Among other themes, religion also comes up top as a major influencing factor that goes on to shape the protagonist in Charlotte Brontë’s ‘Jane Eyre,’ and the lessons learned to stay with her for the rest of her life – often serving as a curb to her immoderations and moral excesses.
Jane Eyre Themes
Spirituality makes a major part of Charlotte Brontë’s ‘Jane Eyre’ – and goes on to have a massive influence on several of the book’s characters, especially on Jane, the protagonist. Because the book’s time setting is centered around Victorian English society, from the early 1800s, Christianity became the prevalent religion that gets the most influence on the people.
Jane certainly has a few people in her life – like Helen and St. John Rivers- that help sharpen her spirituality and build a moral life. Although, like these characters whose views are extreme, she finds a middle ground that works well with her personality.
Independence and Self Love
Charlotte Brontë succeeded in building Jane into a strong, independent woman who develops a sort of iron-clad mentality on her selfhood and integrity. She discovers the kind of woman she wants to be from early on, and It’s not life and actions are dictated by men or society. She works towards this goal without compromises, even though she has no close family, home, or social security to make the decision easier.
Social class is another such theme dealt with heavily by Charlotte Brontë in her book, ‘Jane Eyre,’ and readers get to see this being called into action throughout the book. As is normal with the class system, the people at the low end of the class tend to suffer the most, and Jane finds herself in this position – having lost her parents at a tender age and left to stay with her mean aunt who, despite her affluent status, is unable to lift Jane the social ladder instead causes more troubles for her by horribly treating her.
Key Moments in Jane Eyre
- At Gateshead, ten years old, Jane endures the most horrible treatment living with Mrs. Reed, a wealthy but cruel widow and mother of three, and also Jane’s aunt.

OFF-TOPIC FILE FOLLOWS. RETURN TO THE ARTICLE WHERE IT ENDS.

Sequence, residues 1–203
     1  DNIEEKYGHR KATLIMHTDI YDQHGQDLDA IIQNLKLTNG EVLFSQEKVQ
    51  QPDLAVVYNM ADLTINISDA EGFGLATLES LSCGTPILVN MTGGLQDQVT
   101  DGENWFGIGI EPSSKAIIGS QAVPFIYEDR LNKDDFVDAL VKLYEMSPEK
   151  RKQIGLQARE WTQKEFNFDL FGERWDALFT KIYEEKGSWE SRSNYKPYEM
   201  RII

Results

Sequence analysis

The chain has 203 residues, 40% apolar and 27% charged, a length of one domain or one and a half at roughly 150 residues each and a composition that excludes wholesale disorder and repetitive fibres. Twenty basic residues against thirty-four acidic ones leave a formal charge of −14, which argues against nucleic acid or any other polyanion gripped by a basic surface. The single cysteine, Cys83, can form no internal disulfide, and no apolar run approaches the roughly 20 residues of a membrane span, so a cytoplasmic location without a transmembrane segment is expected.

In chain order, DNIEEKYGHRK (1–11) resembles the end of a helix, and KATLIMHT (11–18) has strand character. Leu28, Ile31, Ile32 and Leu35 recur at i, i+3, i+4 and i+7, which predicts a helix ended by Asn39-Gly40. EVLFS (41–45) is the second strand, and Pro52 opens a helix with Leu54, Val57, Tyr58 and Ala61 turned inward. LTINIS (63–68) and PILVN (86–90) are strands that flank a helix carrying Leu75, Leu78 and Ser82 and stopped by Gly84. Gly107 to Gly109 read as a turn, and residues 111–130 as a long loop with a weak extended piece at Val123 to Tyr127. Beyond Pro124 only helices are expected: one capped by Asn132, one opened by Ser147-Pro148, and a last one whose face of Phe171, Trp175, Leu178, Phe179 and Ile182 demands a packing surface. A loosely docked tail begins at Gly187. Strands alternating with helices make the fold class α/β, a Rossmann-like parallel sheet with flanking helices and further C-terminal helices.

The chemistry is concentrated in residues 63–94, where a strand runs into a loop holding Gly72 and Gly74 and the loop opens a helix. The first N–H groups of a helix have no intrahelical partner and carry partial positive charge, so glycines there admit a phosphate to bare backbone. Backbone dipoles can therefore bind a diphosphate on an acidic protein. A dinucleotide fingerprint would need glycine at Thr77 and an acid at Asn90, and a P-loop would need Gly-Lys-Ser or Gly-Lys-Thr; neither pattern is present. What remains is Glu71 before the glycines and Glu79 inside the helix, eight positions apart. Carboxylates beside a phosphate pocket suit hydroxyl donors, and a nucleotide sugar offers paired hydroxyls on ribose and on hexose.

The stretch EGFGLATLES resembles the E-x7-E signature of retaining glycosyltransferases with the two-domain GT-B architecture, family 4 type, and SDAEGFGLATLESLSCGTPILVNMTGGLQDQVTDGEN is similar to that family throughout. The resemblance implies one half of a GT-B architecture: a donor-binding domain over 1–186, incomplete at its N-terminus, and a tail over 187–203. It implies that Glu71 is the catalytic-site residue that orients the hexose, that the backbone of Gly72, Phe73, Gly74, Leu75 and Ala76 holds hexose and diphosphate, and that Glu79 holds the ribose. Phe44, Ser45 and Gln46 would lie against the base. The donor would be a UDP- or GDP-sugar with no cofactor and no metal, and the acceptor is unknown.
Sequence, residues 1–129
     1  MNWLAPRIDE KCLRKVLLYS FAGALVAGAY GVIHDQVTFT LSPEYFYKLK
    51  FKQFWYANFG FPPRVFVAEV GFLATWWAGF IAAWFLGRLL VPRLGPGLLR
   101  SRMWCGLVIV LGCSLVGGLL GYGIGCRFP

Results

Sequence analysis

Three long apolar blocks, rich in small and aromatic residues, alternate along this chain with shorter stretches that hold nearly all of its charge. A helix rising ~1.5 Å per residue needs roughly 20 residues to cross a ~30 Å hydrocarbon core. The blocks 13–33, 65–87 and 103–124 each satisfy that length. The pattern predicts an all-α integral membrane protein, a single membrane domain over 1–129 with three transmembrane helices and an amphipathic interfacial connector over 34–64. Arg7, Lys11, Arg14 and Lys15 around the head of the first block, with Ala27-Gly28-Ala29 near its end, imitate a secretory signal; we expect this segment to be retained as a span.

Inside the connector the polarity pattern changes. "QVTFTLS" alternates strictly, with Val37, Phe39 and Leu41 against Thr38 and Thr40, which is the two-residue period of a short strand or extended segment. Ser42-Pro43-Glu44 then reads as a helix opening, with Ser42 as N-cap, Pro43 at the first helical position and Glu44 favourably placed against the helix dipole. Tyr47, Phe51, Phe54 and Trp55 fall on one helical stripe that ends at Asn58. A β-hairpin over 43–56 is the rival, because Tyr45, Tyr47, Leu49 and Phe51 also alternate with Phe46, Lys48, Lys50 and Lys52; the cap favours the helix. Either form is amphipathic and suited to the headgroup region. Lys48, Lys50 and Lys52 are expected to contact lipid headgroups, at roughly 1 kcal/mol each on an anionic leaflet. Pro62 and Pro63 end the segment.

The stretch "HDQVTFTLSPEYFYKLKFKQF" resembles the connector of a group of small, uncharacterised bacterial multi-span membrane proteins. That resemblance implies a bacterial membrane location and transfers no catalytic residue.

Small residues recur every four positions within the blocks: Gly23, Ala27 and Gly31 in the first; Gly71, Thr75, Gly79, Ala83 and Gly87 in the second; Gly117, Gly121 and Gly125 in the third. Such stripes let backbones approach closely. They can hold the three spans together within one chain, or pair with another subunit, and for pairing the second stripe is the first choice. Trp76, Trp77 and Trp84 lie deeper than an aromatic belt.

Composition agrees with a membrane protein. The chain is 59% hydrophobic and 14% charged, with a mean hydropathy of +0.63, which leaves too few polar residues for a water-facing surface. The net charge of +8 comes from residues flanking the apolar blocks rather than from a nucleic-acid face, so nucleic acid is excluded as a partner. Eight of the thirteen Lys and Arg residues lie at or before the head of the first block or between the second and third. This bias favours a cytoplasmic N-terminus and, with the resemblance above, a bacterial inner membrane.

- Aside from putting up with her mean aunt, Jane also has to manage her mean cousins – especially John Reed, who often bullies her at the slightest chance.
- Jane soon gets into trouble with Mrs. Reed for challenging John and is put into a chamber called the ‘red room,’ the same place where Mrs. Reed’s husband and Jane’s uncle had spent his final hours.
- Jane is traumatized by a possible ghostly presence and reacts to it by crying and fainting.
- After her release, she is tended to by two persons, Bessie – a servant who is the only one in the house that feeds and truly cares for her; and Mr. Lloyd, a pharmacist who has come to treat her.
- After examining Jane and feeling pity for her, Mr. Lloyd advises Mrs. Reed that allowing Jane to go to a distant school may be the only way to get rid of her troubles.
- Jane is sent to a highly disciplinary Lowood School where she meets some nice people, but also deplorable ones. One of the latter is her headmaster, Mr. Brocklehurst, who is later fired for his hypocrisy, extravagance, and poor management skill.
- At Lowood, Jane also meets the kind and virtuous Helen Burn – who sadly dies prematurely, and a caring mother figure-like Miss Temple – who replaces Mr. Brocklehurst.
- Jane stays at Lowood for eight years and leaves afterward – seeking new experiences from the outer world. She finds a job as a home tutor at Thornfield, where she attends to the young and vibrant Adéle, an illegitimate stepdaughter of the shrewd and aggressive Mr. Rochester, Jane’s boss and owner of the Thornfield mansion.
- Shortly after, Jane begins falling for her boss, and one time saves him from a fire set by Mr. Rochester’s mentally sick wife, Bertha Mason, although Jane doesn’t know about this as housekeeper Grace Poole takes the blame instead.
- Mr. Rochester, who secretly now has feelings for Jane, intends to make her jealous and brings home Blanche Ingram, a beautiful woman, as his mistress. Jane is devastated by this and doesn’t say anything.